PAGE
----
WINNIPEG, Manitoba (Reuters) - Potash warehouses are almost empty amid strong demand for fertilizer, but a strike at three Canadian mines, which account for about 6 percent of world production, has not raised prices for the crop nutrient, analysts said.
Even if the strike continues for a couple of months at the mines owned by Potash Corp of Saskatchewan POT.TO, prices for the mineral would probably rise only moderately, said Lisa Smith, senior potash analyst at consultancy Fertecon Ltd.
“I think another sharp spike is highly unlikely,” Smith said in an e-mail interview.
About 500 members of the United Steelworkers union, who argue they deserve a bigger share of Potash Corp’s record profits, walked off the jobs six weeks ago at the mines, which account for about 30 percent of the company’s output.
Potash prices are already at a record $1,000 per tonne in many markets, more than double levels of early 2008, Smith said. The prices have stayed firm even as other fertilizers softened, she said.
“If force majeure is issued on exports (from Canada due to the strike), we could see other suppliers raise prices on new spot business, but these hikes will be moderate,” Smith said, forecasting prices would end the year at $1,100 a tonne.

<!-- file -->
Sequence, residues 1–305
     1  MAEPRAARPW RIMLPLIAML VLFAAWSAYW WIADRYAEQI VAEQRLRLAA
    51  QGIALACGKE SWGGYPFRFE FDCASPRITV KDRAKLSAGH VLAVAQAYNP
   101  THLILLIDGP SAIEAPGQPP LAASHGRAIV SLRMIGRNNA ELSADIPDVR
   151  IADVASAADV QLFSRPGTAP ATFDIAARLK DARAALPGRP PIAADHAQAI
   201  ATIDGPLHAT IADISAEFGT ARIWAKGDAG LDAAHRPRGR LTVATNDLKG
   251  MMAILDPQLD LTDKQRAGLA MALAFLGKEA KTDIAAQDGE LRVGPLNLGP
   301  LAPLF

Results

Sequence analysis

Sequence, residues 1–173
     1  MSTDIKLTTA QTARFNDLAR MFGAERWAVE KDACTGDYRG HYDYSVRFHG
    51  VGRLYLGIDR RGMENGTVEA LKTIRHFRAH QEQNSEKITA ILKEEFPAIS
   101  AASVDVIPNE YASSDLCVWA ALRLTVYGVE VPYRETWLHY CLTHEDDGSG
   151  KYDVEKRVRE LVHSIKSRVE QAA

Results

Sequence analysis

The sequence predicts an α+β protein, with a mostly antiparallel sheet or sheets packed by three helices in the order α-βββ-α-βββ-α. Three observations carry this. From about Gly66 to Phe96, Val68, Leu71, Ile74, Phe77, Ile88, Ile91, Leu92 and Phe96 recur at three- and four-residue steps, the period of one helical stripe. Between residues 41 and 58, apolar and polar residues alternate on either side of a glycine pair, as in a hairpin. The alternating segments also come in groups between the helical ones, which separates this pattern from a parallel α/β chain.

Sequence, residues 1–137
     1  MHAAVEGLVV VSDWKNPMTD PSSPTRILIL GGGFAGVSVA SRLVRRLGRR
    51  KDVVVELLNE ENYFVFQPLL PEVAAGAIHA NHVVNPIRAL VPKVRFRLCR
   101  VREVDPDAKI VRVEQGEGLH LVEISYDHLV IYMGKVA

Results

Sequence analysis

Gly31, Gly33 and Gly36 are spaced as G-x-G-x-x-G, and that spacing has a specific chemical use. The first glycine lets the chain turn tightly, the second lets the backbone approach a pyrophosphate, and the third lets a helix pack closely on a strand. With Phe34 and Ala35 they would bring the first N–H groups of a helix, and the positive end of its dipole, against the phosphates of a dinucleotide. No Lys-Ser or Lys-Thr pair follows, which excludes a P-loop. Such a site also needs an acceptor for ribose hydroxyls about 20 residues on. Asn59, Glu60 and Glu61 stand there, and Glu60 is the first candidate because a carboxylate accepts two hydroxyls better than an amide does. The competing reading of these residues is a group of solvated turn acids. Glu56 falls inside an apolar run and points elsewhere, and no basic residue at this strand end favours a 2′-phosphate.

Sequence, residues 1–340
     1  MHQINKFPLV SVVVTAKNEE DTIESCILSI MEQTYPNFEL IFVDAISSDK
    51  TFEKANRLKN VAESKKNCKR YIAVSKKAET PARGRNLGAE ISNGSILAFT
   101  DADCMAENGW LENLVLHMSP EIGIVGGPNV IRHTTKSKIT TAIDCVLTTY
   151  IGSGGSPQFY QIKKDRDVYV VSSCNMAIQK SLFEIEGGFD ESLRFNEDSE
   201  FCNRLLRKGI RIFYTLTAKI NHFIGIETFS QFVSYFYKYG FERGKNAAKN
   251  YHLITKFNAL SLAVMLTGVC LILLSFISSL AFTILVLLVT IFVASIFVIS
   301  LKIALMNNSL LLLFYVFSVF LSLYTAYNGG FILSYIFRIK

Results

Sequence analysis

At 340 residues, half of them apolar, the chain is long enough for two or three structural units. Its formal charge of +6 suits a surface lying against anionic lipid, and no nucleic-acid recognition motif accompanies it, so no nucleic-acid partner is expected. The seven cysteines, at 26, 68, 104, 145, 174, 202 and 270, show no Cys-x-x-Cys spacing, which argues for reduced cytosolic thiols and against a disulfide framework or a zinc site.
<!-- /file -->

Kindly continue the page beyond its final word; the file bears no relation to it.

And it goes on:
Record prices for grain have spurred fertilizer sales as farmers look to maximize yields.
Until now, the strike has taken place during a seasonally slow period in the fertilizer market, said Keith Carpenter, an analyst with Canaccord Adams, who noted non-unionized staff continue to pull some potash from the largest of the affected mines.
Potash Corp has released no details about how much it can produce during the strike, and has declined to comment directly on whether it has been able to fill all its fertilizer sales.
The company also declined to comment on fertilizer trade publication reports that it has bought supplies from a Russian competitor to fill sales.
“We continue to work with all of our customers to meet their supply needs,” said Potash Corp spokesman Bill Johnson.
“Would some customers like to buy more tonnes than we can currently sell them? Probably yes. But it was a tight market before the strike,” he said.
Carpenter said he assumes the strike will end before 2009.
“At that point, if the strike would go on, we would expect it to put added (upward) pressure to those prices, but nothing like we saw over the past year,” said Carpenter, who forecasts prices of $1,200 a tonne by the end of 2009.
“If we just assume a three-month strike ... it is a blip to the company in the grand scheme of things,” he said.
Potash Corp shares were up 10 percent at C$184.40 at the Toronto Stock Exchange on Friday as stock markets rallied after governments moved to shore up shaken financial markets.
Potash Corp is the largest producer in the sector and has long tried to manage supply to meet demand, and to provide stability.
Potash supplies are so tight that a case could be made to charge as much as $5,000 a tonne, the chief financial officer of Potash Corp said earlier this week.
But Wayne Brownlee said a big price hike would knock consumption lower and make prices more volatile.
“We want this to defy gravity, and we want this to be completely different from other commodities, and that means that when we have price increases, we want them to stick,” Brownlee told a Credit Suisse investor conference.
Reporting by Roberta Rampton; editing by Rob Wilson